In Hatcher’s offense, which is predicated upon a rapid pace of execution and accurate delivery of the football to playmakers in space, Hamilton emerged as a reliable weapon his junior year. But as a senior, he became his team’s preeminent threat.

Coming of Age

Samford offensive coordinator Russ Callaway worked closely with Hamilton last spring to help him refine his route-running and pass-catching techniques. Although Hamilton had adjusted well to Hatcher’s new offense the previous fall, his position coach wanted him to better understand the intricacy of various routes.

Callaway said he wasn’t sure if his instruction ever got through to his burgeoning receiver, or if it simply entered one ear and exited the other.

Hamilton showed it stuck.

In a position meeting with Callaway and a cohort of his teammates prior to the 2016 season, Hamilton asked his coach if he could step in and offer advice to a younger player Callaway had been coaching up on route running.

The anecdote illustrates a trait that Callaway said came to define Hamilton’s senior season—leadership. He was named a team captain, and when he spoke up, others listened.

“If he’s tuned in and he’s locked in, the other 21 guys on the field are tuned in and locked in and seem to do a little bit better,” Callaway said.

Hamilton locking in helped unlock a Bulldog offense that finished the 2016 season ranked third in the country in passing offense. Quarterback Devlin Hodges threw for 340 yards per game on average. Hamilton usually reeled in about one third of them.

He ranked second in the FCS with 126.3 yards receiving per game and led the FCS with 10.1 receptions per game.

“When a ball is up, you know he’s going to catch it,” Hodges said.

That includes hauling in passes that even the rising redshirt junior quarterback admits he probably should not have attempted.

Trailing by 15 in the third quarter at Mississippi State University this past October, Hodges threaded a ball to Hamilton, who ran a short hitch route to the right sideline against a Cover 2 defense. Hamilton extended his lanky arms to snatch the ball, then palmed it with one hand while he used the other to keep his balance and turn up field. Forty yards later he reached the end zone, a Mississippi State defender left in his tracks.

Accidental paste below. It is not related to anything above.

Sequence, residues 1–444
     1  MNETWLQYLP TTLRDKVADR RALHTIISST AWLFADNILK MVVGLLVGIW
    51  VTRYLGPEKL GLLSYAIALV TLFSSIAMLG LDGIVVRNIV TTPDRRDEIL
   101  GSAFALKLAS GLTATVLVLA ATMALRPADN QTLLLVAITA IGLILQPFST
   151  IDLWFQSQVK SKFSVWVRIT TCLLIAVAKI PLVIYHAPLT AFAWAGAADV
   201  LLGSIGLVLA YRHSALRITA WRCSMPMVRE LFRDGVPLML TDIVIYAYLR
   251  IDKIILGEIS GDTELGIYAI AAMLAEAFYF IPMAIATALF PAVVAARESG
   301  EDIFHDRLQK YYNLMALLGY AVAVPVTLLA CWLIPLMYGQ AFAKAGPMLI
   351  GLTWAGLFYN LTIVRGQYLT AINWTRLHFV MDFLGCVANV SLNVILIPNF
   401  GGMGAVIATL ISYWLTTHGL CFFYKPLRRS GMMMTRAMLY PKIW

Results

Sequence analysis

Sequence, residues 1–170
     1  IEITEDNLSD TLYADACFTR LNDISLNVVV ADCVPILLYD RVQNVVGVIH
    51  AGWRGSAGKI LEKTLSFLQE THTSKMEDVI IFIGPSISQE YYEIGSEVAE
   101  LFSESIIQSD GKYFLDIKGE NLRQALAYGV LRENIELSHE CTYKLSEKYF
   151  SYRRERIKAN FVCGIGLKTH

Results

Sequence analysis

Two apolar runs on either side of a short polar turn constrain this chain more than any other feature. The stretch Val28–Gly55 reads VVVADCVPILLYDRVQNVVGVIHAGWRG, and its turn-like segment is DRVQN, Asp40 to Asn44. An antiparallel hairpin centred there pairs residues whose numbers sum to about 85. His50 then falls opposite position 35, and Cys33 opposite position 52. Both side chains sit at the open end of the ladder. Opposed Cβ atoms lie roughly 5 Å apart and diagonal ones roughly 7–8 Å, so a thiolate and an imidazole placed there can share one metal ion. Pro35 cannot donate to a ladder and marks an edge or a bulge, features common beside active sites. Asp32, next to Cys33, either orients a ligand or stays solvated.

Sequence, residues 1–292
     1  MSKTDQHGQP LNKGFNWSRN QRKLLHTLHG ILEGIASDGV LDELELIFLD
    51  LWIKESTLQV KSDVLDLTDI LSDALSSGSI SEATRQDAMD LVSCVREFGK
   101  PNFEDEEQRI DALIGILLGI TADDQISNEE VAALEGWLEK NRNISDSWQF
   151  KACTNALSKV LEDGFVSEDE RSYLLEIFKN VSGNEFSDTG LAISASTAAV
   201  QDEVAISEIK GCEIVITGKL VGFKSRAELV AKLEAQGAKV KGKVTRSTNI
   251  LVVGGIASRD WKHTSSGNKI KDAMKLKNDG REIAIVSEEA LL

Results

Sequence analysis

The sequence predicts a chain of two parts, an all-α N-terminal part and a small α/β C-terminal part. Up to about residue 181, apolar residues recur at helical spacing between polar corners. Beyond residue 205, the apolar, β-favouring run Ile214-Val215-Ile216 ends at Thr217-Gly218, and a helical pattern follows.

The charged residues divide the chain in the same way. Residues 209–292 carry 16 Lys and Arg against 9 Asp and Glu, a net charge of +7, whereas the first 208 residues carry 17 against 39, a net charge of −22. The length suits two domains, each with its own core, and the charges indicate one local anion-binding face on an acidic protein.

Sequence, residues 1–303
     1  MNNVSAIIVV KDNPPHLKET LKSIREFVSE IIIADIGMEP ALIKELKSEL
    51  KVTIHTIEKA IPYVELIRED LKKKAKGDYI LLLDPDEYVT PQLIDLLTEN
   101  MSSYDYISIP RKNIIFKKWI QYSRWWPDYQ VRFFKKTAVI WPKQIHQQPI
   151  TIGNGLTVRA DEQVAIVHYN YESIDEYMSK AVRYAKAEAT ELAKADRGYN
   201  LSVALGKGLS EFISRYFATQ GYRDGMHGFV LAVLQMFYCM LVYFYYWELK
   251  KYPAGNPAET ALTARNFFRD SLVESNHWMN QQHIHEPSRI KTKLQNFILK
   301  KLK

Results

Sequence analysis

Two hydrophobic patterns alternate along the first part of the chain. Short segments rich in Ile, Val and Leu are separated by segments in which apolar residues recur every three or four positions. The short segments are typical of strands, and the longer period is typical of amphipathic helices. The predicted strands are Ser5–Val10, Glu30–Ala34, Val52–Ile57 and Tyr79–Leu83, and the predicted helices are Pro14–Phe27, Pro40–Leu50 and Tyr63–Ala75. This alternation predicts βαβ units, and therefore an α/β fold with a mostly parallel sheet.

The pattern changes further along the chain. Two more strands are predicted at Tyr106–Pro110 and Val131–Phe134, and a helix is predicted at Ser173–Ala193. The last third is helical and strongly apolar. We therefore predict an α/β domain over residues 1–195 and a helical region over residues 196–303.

“If there’s one play that sticks out to me about Karel, it’s that play,” Hodges said, “because I did something that you’re definitely not supposed to do, and then he turns it into a touchdown.”

Hamilton finished that game, which Samford lost 56-41, with 14 catches for a season-high 213 yards and two touchdowns. Five times this past season he recorded multiple touchdown outings.

“I knew we were going to put up big numbers,” Hamilton said of his prolific performance at Mississippi State. “You kind of feel it coming in, just how prepared you are for the game.”

Hamilton rewrote the record books during his four-year college career. He leaves Samford as its all-time leader in receptions (279) and receiving yards (3,803). | Photo courtesy of Samford Athletics


That same feeling pulsed through his frame in late January at the East-West Shrine Game. In front of a national audience, he seized his moment – twice. On the first play from scrimmage, Hamilton leaped over Temple University cornerback Nate Hairston to rip down a 37-yard reception along the left sideline. Three quarters later he made a similar grab, readjusting at the last second to sprawl out and retrieve an underthrown ball for a 24-yard gain.

“I think it’s just my competitive nature,” Hamilton said. “Whenever I see that ball in the air, I just feel like it’s mine. I’m not letting nobody else get that ball from me.”

There’s a reason why Hamilton was able to come down with his pair of highlight-reel receptions. Callaway calls it his “super-elite ball skills,” and they helped transform Hamilton from an overlooked recruit into one of the country’s FCS standouts.

“There are not many people in the world who play the game that have the ball skills and capability of tracking the football and just catching the ball in awkward positions,” Callaway said.

Hamilton is one of them.

That knack for making tough catches explains why 36 scouts from the NFL and the Canadian Football League congregated inside Seibert Stadium at his pro day. As one scout—who exchanged information for anonymity—put it, Hamilton’s “calling card is his hands.”

Those hands set school-record marks for receptions (279) and yards receiving (3,803) over the course of his Samford career.

“When I first got here, I was more of a 50-50 ball, deep-ball kind of guy,” Hamilton said. “I taught myself and I fought hard and I worked hard just to try to be an all-around guy, not just one dimensional.

Future Fate

Now, Hamilton is looking to bring those skills to an NFL roster.

History suggests he faces an uphill battle. Last April, only 20 FCS players were selected in the seven-round, 253-pick NFL Draft. According to a recent report published by the NCAA, that figure represented a mere 0.7 percent of the FCS player pool. Statistically, FCS draft hopefuls were about 10 times less likely than their FBS counterparts to hear their names called in 2016.